I myself have come to understand that many of the beliefs I held were forms of unintentional racism and discrimination.  I could defend the people who instilled them in me by saying they were from an earlier time or that they did not realize what they were doing is wrong, but none of those reasons absolve them of the responsibility of having been wrong.  We need to be willing to confront our assumptions and change them to heal the wounds that those assumptions have inflicted.  An early example in my own life is when my parents decided to move our family between my 6th and 7th grade years of school.  At the time and for years after I was told the reason was due to a block of apartments on the other side of town were being opened up to Section 8 housing.  I did not realize this was an example of white flight at the time.  I did not know what Section 8 housing was, but I now had a framework for it that was later filled in by other passed down faulty assumptions about poverty and racial shortcomings.  Years later as I began to question my foundational thinking I discovered that being a feminist was not akin to being threat to national security.  As my understanding grew I began to try sharing my new understanding with those around me.  At first I was confronted by all the things I had said or done that contradicted my new beliefs.  I had to reconcile with my actions and apologize for them.  Our culture holds people accountable for what they have said or done without an expiration date and often will refuse to accept when a person says they have changed.  This is unfortunate because it serves to entrench people in their beliefs because they see others trying to break out and being accused of being inauthentic. Even now, when I discuss feminism I am careful to avoid talking about my daughter because it is cliché and a microaggression to claim to be a feminist after having a daughter.  In my life I will try to educate others when I can and try to avoid calling out others unless their actions are particularly egregious.  When those I know change their behavior I recognize the change and treat them as an ally rather than reminding them of how they were wrong in the past.  I know I still make mistakes and when they are pointed out to me I thank the person for bringing them to my attention and examine my behavior and make the needed changes.

I did not come to this way of life easily.  I had to overcome the Backfire Effect.  The Backfire Effect is when you are confronted with an idea that challenges your firmly held beliefs and your mind reacts to the new ideas similarly to how it would react to a physical threat.  You become resistant to the new information and will fight back against assimilating it into your view of the world.  It is how so many people can continue to hold onto beliefs that are provably wrong.  An example of this would be the rise of people believing the world is flat.  This idea is easily proven wrong, yet the people who believe in a flat Earth refuse to accept any evidence that challenges their beliefs.  The Backfire Effect happens in many different ways and I strongly recommend reading a web comic by Mathew Inman, known online as The Oatmeal, titled You May Not Believe What I’m About to Tell You. (link)  He explains the Backfire Effect and gives great examples of how you can experience it for yourself.  Another contributing factor to misunderstandings is the Dunning-Kruger Effect which can be summed up as, the less you know about a subject, the greater you feel that you know about it.  This can affect how you think of others when you know little about them.  If you only have the broadest understanding about a group of people and you are only exposed to the viewpoints of those who oppose the group.  In this situation, you will be fed a narrative that is difficult to break unless you meet people of that group and take the time to get to know them.  There are many examples of this in the recent fight for marriage equality in the United States.  Republicans in various positions went against their party’s policy to support marriage equality because they personally knew someone who was being prevented from marrying the love of their life due to societal bias against same-sex marriage.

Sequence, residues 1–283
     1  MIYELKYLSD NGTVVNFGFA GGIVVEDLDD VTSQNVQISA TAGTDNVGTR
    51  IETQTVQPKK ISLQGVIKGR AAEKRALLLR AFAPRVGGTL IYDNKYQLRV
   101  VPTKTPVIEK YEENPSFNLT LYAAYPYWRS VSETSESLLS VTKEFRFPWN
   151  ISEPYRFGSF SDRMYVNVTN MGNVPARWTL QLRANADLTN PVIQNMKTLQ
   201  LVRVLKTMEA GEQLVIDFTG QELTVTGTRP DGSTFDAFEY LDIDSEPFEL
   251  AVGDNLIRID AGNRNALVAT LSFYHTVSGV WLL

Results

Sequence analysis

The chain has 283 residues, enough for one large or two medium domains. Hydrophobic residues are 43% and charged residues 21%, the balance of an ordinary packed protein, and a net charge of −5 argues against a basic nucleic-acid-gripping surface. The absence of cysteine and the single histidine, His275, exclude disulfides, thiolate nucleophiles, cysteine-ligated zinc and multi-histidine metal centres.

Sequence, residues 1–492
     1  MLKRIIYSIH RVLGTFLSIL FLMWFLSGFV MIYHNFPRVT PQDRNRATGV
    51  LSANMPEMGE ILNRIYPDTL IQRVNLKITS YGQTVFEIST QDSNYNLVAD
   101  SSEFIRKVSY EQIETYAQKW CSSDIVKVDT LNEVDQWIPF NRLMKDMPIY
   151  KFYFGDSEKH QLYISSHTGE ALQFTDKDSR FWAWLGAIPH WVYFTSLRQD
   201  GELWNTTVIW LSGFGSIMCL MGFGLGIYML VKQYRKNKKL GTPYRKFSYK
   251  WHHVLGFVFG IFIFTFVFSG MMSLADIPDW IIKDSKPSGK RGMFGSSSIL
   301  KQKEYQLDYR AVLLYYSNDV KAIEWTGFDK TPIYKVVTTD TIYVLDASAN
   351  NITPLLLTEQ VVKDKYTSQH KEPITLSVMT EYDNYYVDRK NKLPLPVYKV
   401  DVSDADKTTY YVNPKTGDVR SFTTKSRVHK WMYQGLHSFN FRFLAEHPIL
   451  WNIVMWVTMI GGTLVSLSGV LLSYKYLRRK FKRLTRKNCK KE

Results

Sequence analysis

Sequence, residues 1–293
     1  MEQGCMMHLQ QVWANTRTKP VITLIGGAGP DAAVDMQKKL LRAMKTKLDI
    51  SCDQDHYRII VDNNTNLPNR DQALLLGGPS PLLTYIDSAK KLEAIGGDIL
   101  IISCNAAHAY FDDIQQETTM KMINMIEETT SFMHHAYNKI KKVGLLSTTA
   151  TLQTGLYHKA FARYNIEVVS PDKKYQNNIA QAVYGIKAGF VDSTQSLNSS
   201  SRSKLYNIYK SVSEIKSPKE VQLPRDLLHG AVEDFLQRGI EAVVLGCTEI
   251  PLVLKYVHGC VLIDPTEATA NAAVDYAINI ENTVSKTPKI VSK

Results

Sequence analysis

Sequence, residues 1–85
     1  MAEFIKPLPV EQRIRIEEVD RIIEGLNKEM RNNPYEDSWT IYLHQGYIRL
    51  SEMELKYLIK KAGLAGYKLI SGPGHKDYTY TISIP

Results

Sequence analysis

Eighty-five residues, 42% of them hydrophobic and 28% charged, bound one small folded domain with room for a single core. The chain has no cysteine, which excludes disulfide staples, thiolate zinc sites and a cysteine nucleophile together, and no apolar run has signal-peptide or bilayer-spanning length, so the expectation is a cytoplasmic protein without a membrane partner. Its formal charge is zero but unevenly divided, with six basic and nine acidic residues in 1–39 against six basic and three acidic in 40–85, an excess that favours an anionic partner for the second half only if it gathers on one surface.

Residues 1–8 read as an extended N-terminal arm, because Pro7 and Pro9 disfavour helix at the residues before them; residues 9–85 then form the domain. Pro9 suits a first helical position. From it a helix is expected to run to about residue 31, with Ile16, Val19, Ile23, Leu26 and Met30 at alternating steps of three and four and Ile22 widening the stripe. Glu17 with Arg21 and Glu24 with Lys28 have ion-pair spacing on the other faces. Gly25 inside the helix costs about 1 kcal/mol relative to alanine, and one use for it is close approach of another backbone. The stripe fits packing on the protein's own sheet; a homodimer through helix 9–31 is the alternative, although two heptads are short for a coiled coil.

In the end, we must not be afraid to confront our beliefs and we must embrace Viewpoint Diversity in our lives.  We have all made assumptions about others that range from unintended microaggressions to outright racist expressions of thought.  It is vital that we examine this behavior and shine the light of understanding on it.  The only way our society can move forward in healing the divisions that have kept us apart is through the spreading of self-reflection and opening our eyes to see how we have hurt others.  In doing this I have come to regret many actions I have taken and words I have said.  I have apologized where possible and resolved to not repeat those mistakes.  I ask that you similarly take the time to change your perspective.  You will find the world is filled with amazing people you have overlooked for far too long.  If, at this point, you still think I am wrong and you have never done anything wrong I ask that you examine why it is that you are so sure of this.  The absolute surety of your belief in your innocence is a sign of self-deception.